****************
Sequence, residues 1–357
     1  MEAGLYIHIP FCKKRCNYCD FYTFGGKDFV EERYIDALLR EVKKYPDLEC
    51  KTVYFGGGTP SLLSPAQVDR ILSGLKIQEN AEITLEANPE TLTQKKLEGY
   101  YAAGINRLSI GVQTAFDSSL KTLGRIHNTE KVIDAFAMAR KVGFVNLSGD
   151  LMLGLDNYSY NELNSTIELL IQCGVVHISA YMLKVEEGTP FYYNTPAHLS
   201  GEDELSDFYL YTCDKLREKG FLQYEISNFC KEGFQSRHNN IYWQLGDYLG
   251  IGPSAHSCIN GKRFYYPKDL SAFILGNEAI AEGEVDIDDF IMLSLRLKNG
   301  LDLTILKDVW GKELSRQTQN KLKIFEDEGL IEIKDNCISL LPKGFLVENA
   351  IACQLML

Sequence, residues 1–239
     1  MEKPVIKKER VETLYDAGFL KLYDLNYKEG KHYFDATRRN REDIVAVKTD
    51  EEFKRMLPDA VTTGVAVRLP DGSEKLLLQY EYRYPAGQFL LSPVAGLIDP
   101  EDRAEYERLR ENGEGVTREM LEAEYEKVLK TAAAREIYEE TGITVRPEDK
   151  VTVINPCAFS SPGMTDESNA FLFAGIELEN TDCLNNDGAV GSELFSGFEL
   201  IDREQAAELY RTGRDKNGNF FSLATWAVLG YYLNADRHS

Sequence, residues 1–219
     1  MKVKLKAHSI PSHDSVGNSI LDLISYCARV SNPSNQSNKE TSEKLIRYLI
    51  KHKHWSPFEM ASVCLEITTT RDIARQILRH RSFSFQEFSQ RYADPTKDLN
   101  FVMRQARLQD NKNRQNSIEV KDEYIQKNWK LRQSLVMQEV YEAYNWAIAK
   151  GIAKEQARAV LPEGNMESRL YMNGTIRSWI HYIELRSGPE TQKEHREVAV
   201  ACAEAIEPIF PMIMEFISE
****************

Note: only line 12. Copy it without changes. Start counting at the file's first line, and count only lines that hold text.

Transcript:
    51  EEFKRMLPDA VTTGVAVRLP DGSEKLLLQY EYRYPAGQFL LSPVAGLIDP